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Here is the latest Caml Weekly News, for the week of November 30 to December 07, 2010.

  1. OCaml port of Iteratees
  2. OCamlJIT2 vs. OCamlJIT
  3. GADT constructor syntax
  4. International Workshop on Intermediate Representations (WIR 2011)
  5. Memory management job
  6. help with regular expression
  7. Other Caml News

OCaml port of Iteratees


Dmitry Grebeniuk announced:
  Did you ever feel something special touching great things?
  I did.

OCamlJIT2 vs. OCamlJIT


Deep in this thread, Török Edwin said and Basile Starynkevitch explained:
> Well there could also be a GCC backend for OCaml, but I don't know how
> one should get started writing one (or if it would be worth it).

Since I worked on OcamlJIT1 and since I am working now on GCC
(actually, mostly on the GCC MELT branch, see for
more, but sometimes on the GCC trunk, e.g. its gengtype generator), I
probably have some personal ideas [e.g. my opinions only] on that.
However, I am not crazy enough to work on an Ocaml front-end to GCC!

The current (slow) trend inside GCC is to open & stabilize more and
more its middle-end. In particular, the GCC middle end internal
representations (which you can work on using MELT, a Lispy domain
specific language suited for that very purpose) such as Gimple (and
Tree) are becoming more stable, and will eventually (I don't know how
and when and by whom!) have a "front-end", that is a program eating a
textual representation of Gimple code and building from it Gimple
internal representation in GCC memory.

So in the long term, the GCC internal Gimple language is becoming more
stable and will have a textual front-end. It will then becomes quite
similar to the LLVM input language

When that happens, one could imagine that ocamlopt (or some other
program) will have the ability to generate (in textual files) the
appropriate representations of the Ocaml code it is compiling.

One could also imagine that in the long term, GCC would provide enough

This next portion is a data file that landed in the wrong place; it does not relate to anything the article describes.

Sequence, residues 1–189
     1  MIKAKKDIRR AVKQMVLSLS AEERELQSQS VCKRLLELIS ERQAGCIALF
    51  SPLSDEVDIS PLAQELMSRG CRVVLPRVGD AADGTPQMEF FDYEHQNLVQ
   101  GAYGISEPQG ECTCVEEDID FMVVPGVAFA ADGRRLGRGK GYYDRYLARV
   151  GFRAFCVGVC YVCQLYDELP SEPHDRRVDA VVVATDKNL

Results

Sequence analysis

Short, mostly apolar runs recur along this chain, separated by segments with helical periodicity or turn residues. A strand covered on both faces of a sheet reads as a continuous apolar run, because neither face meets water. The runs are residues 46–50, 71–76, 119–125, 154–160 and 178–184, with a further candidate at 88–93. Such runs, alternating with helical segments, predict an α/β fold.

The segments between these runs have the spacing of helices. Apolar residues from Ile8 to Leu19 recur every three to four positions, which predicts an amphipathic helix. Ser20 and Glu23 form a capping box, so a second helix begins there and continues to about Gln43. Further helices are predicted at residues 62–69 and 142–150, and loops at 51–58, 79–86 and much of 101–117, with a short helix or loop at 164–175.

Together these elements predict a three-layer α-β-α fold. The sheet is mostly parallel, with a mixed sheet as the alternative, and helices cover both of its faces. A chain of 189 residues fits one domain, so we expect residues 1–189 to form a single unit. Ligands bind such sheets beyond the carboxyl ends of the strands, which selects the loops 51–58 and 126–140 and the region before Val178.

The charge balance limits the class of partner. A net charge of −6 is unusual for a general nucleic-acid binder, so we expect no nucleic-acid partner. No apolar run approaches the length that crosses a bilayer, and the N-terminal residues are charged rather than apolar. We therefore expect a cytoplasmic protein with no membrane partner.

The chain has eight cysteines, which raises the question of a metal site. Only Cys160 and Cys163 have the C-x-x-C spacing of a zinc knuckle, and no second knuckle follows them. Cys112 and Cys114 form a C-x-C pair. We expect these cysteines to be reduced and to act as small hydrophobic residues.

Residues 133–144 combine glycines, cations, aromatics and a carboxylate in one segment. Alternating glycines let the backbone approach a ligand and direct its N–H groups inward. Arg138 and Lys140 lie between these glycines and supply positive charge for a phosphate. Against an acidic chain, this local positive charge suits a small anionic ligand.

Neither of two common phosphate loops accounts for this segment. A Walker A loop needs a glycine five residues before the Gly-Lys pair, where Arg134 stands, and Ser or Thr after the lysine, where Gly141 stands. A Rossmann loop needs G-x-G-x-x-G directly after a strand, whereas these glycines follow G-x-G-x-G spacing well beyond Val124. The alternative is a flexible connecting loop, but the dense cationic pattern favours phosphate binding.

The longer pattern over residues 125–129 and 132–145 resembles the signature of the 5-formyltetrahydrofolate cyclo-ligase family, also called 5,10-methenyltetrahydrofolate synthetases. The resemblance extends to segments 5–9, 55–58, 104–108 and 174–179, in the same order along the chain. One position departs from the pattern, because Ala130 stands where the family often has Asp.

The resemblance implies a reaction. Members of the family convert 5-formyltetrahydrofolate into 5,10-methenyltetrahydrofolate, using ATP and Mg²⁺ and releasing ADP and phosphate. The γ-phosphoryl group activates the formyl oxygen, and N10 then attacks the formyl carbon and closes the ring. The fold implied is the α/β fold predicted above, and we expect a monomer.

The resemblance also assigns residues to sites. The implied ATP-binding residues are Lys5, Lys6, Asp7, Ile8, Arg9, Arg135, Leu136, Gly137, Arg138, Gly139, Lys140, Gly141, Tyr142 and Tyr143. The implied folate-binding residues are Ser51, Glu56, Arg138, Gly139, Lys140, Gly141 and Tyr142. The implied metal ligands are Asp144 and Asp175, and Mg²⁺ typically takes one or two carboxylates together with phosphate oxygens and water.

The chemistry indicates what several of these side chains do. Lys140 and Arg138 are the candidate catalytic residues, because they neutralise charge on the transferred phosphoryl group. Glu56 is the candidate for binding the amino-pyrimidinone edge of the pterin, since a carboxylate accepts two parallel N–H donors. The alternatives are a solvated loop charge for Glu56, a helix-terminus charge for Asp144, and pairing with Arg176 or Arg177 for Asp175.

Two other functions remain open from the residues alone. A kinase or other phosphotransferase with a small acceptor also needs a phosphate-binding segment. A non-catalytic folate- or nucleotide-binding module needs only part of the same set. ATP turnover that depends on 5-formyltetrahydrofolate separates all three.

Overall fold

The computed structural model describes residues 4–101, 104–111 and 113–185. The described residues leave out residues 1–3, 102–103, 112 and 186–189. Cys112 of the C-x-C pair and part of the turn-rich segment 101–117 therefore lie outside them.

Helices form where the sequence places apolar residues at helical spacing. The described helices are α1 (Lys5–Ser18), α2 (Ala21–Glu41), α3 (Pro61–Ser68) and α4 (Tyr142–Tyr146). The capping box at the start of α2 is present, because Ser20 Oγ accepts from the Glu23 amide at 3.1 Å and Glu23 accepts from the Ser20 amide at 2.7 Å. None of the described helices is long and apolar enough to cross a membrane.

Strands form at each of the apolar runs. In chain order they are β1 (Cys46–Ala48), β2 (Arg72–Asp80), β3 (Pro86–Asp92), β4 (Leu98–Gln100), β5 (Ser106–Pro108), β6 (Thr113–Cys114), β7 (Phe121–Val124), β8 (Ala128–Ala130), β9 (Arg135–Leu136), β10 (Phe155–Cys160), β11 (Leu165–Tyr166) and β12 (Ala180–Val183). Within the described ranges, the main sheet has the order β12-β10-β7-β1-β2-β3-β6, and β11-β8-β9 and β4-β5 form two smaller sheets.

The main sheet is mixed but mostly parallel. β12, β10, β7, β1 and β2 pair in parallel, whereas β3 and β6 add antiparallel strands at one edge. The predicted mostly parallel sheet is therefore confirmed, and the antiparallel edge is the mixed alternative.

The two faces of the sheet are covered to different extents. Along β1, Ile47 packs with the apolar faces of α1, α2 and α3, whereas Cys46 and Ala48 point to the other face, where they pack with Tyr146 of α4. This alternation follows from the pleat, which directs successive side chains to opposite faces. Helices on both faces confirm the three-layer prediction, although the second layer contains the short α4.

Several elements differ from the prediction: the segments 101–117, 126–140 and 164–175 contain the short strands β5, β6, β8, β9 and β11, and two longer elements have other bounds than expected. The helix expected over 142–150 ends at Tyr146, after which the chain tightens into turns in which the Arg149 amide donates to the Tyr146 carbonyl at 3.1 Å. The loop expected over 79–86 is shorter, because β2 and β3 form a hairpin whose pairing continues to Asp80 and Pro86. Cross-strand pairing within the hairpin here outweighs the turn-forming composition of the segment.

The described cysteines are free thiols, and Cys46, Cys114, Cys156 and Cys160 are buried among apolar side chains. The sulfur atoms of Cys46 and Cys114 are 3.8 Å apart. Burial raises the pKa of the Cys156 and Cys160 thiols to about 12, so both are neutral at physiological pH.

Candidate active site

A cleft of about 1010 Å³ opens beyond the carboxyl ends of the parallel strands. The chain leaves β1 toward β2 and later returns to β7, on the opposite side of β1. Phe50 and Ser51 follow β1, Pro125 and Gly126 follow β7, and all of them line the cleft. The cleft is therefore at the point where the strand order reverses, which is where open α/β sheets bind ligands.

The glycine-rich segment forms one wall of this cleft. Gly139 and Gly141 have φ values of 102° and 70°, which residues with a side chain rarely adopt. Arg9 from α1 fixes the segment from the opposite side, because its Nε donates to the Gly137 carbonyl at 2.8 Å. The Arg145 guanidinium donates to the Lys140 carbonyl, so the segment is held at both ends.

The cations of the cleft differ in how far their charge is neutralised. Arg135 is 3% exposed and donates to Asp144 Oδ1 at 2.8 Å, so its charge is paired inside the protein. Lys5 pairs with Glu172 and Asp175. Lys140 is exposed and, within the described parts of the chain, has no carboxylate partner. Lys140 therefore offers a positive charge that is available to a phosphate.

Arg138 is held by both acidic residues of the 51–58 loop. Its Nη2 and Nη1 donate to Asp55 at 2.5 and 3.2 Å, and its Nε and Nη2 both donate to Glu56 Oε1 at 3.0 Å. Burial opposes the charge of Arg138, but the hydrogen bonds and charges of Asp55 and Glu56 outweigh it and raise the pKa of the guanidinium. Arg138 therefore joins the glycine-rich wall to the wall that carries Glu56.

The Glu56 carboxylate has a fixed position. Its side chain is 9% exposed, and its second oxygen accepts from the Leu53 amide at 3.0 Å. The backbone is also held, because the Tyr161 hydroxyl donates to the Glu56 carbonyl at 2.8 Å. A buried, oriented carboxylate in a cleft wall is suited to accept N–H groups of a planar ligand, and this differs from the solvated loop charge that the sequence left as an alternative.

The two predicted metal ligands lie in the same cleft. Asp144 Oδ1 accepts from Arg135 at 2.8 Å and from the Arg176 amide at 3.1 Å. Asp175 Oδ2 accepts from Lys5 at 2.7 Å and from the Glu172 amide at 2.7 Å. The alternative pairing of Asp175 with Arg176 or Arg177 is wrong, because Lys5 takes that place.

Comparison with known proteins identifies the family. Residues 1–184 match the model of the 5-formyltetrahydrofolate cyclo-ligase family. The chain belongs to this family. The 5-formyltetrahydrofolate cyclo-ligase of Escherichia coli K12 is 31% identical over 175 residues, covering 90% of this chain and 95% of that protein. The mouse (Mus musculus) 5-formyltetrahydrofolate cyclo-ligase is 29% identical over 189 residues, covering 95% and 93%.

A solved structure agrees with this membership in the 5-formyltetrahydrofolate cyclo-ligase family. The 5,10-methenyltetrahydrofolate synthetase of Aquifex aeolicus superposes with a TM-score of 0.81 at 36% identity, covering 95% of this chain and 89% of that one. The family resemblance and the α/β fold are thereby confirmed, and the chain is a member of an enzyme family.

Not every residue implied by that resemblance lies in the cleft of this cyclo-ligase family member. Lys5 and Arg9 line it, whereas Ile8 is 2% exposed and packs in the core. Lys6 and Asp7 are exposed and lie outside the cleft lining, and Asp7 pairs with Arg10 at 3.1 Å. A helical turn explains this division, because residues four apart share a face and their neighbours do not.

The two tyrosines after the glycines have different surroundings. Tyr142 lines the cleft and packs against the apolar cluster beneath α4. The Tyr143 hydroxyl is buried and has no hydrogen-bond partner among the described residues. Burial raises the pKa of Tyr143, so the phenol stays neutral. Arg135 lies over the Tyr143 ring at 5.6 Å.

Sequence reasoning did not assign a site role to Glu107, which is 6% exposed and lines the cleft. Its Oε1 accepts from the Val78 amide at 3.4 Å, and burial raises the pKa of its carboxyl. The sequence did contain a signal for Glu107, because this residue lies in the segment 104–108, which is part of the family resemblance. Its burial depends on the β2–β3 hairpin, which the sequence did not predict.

plugin hooks to plug a full (nearly arbitrary) front-end inside it. If
that happens, one could imagine an Ocaml compiler, implemented as a plugin, which would create Gimple internals from
Ocaml code.

However, I believe no one is interested to work on that, and this is
probably the case because Ocaml is "fast-enough" for most cases. Ocaml
major strength is the power and expressiveness of its source language.

My feeling is that Ocaml is more targetted for people requiring
developers' productivity, while GCC is a mature industrial compiler
aiming portability and performance of generated binary programs, coded
in old [ugly] languages like C or C++.

I am not sure that putting a lot of efforts inside the Ocaml compiler,
to slightly improve the performance of generated executable, is
worthwhile (in particular, because the runtime & the GC may become a
bottleneck w.r.t to minor performance improvement of ocamlopt generated
binaries).  I would bet that would bring less than 20% improvement at
most (and often, much less), for a quite high labor cost.

And my personal feeling is that these days, bright Gallium people (like
Xavier Leroy or Fran=E7ois Pottier and their colleagues) and other Inria
persons related to Ocaml (like Damien Doligez or Pierre Weis and many
others) are much more interested in bringing formal methods inside
compilers (e.g. the Compcert project of a certified & "proved" C
compiler) than in spending a lot of time to improve ocamlopt generated
code by a few percents.=20

I would prefer them to improve even more the Ocaml language (e.g.